I’m a Butterfly, Get me out of here!!!
The UK’s climate is changing rapidly, whether we fully appreciate the magnitude of it or not. As humans, if we get too hot or too cold we can change the local environment around us to cope, such as by putting on a jumper or switching off the heating. Easy, right? Yet what do the cold-blooded residents of this country do to cope? Dr Anna Gilchrist of The University of Manchester, renowned for her research in natural and social sciences, recently presented ‘I am a Butterfly, get me out of here’ at Manchester Museum by request of The Linnean Society. Anna described it as a ‘great honour’ and she gave a clear and detailed overview of her research on some of the UK’s butterflies and the coping behaviours they are showing.
It was evident that there was a clear North and South divide for the butterflies she researched, these included the Comma and the Orange Tip. These butterflies found the North too cold and so resided in the warmer South. Indeed they found it ‘grim up North’ as she said! Yet her research found that there have been more and more sightings of these butterflies beyond the divide, with evidence showing they had migrated as far as Scotland in a short period of time. This dramatic migration is likely driven by the sudden changes in temperate and Anna also explained that unpredictable weather such as frequent downpours also posed problems.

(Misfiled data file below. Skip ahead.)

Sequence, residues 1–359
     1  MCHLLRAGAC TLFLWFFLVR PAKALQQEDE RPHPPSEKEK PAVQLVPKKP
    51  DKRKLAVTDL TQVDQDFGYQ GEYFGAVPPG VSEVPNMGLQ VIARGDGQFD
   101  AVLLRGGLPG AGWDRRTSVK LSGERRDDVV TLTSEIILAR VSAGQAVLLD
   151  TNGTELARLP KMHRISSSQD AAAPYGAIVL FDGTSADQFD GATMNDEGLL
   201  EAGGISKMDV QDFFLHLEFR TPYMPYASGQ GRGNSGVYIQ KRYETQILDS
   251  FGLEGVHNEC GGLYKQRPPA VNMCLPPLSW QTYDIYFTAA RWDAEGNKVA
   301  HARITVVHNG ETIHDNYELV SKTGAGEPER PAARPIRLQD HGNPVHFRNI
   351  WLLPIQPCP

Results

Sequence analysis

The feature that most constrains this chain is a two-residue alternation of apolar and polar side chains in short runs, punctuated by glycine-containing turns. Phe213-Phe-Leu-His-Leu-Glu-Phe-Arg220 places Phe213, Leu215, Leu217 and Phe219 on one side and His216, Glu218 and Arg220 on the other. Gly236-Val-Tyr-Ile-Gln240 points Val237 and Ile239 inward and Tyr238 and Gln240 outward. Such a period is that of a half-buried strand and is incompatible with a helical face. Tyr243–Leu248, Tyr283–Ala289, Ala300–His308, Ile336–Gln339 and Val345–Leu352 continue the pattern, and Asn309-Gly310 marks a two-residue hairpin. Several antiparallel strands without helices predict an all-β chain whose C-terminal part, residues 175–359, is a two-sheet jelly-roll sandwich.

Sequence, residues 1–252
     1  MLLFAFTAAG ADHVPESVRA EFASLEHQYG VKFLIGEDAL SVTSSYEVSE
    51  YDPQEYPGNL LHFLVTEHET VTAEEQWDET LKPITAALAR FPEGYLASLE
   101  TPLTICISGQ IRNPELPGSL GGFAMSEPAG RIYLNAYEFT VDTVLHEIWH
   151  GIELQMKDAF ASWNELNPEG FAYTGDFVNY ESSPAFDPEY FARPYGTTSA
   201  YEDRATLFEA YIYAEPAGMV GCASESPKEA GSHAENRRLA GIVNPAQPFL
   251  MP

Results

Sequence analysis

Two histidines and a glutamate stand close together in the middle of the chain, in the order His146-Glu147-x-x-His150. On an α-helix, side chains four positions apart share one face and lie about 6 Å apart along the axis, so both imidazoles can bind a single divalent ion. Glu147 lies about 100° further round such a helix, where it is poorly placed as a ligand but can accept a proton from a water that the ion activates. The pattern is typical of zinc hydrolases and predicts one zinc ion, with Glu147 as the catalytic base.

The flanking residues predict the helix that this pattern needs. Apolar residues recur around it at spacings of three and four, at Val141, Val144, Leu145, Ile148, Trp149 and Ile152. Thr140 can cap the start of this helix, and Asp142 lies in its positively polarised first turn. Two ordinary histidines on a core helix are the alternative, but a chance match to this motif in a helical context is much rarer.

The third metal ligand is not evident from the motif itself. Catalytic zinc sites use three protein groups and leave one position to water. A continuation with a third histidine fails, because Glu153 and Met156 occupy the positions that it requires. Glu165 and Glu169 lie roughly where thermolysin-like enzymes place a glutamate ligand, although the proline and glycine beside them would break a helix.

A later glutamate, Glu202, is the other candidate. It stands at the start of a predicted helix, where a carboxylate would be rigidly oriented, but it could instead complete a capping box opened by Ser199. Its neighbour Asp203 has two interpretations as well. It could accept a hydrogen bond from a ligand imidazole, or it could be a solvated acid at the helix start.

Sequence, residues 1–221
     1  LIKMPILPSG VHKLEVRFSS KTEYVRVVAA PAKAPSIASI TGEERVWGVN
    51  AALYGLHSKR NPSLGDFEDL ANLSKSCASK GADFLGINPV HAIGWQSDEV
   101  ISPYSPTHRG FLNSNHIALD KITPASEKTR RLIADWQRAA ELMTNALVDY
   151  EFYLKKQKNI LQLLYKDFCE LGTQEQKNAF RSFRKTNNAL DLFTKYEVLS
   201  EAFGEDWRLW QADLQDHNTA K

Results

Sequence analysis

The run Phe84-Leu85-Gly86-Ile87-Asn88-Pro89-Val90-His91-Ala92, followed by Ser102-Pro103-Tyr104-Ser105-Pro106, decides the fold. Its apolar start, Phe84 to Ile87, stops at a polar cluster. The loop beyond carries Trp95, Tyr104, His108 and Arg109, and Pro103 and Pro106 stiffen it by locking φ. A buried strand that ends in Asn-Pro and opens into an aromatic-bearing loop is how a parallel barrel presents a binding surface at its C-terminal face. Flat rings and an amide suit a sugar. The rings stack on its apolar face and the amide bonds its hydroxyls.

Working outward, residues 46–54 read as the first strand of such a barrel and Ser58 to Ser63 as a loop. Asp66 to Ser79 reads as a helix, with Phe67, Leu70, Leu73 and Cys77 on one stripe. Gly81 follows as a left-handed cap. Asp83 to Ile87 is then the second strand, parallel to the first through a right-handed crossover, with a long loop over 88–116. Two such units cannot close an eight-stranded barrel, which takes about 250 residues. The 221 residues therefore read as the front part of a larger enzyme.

The migration routes of the butterflies were mapped, showing that natural corridors such as canals and railways were useful for some butterflies and how urbanisation including buildings and motorways also presented obstacles. She highlighted scenarios in which green bridges and other nature-based corridors would support butterfly and insect migration but the cost of these initiatives means they are very unlikely to ever become a reality.
Anna finished the lecture by underlining the benefits that greening cities have not only for butterflies but for climate change resilience and health, targets which are also detailed in the 2050 Climate Change strategy. She encouraged us all to get recording our sightings which can be sent to the Greater Manchester Record Centre as well as getting involved with greening projects throughout the city.
Manchester Climate Change Agency would like to congratulate Anna on her award for excellence in the field of butterfly research given to her by The Linnean Society.